Piedmont Week: The Basics

Italy’s westernmost region, Piedmont, rubs shoulders with France and Switzerland in the foothills of the Alps and Apennines. This is where the region gets its name from: Piedmont literally translates into “foot of the mountain”.

Piedmont is divided into six sub-regions:

  • Canavese
  • Colline
  • Novaresi
  • Coste della Sesia
  • Langhe, and
  • Monferrato

Varietals grown in the region:

  • Dolcetto
  • Barbera
  • Nebbiolo

The most famous red varietal of Piedmont is Nebbiolo, from which the legendary Barolos and Barbarescos are produced. Barolo and Barbaresco remain Italy’s most esteemed traditional wines thanks to their quality. Nebbiolo is one of the world’s most site-specific grape varieties and, in terms of winemaking, one of the most difficult to master.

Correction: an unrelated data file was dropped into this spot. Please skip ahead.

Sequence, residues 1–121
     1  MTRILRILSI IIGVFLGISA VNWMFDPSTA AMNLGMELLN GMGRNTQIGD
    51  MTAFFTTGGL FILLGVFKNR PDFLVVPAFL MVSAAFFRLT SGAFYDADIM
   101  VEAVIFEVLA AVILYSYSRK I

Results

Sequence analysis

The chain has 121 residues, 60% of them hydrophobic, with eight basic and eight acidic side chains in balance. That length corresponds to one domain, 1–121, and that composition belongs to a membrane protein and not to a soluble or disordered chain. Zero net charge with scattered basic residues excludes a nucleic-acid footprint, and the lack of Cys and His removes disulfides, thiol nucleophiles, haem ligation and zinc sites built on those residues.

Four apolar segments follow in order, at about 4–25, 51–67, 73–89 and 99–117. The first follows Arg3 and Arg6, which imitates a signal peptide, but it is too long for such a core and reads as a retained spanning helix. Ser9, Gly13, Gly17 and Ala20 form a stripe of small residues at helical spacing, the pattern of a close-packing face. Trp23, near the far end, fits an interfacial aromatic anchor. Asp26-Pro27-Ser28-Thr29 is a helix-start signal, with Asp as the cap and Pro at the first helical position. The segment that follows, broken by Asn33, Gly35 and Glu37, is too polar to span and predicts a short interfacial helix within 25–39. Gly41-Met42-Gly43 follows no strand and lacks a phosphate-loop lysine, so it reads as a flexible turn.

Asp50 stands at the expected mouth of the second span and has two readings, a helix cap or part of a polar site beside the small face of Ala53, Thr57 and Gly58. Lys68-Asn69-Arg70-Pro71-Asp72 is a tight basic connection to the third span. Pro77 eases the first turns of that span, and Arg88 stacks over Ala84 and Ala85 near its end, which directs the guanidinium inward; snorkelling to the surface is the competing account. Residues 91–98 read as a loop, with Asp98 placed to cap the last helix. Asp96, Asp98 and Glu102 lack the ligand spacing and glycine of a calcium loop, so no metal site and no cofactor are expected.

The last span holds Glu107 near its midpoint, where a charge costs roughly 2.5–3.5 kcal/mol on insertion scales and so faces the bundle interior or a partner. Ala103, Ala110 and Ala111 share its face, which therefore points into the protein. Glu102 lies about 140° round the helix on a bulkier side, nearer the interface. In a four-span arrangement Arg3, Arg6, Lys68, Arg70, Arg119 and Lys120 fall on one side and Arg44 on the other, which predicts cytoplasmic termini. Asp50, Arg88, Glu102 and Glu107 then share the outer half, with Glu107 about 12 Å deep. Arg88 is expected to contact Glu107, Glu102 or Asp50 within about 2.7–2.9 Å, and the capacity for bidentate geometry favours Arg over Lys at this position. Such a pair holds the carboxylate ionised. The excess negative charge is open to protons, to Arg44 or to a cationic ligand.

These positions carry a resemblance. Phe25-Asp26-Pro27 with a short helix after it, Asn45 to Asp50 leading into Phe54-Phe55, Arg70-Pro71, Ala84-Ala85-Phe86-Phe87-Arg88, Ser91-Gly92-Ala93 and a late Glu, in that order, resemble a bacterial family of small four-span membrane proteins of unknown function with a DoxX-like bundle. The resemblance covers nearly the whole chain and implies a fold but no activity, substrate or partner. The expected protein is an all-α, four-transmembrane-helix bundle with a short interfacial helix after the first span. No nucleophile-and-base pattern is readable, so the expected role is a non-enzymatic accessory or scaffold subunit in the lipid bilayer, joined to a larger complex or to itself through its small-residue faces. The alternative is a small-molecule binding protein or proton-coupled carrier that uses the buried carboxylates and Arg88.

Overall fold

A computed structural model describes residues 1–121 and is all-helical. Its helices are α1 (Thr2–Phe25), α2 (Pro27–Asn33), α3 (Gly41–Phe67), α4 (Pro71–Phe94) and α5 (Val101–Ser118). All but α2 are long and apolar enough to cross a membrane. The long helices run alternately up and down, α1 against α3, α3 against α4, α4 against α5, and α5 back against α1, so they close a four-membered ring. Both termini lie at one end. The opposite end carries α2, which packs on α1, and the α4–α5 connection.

The two other main red varietals are Barbera and Dolcetto. Barbera, Piedmont’s most widely planted grape, is producing vibrant wines with a wealth of fruit flavors. Although its name means the ‘little sweet one’, Dolcetto is usually used to make dry red wines with light fruit flavors and gently bitter finish.

Although Piedmont is known as a red-wine region, it produces several well regarded white wine styles. The most famous are Moscato d’Asti  and Asti Spumante, both sparkling wines made from the Moscato grape. The local varietal Cortese and the Chardonnay are also used to produce white wines.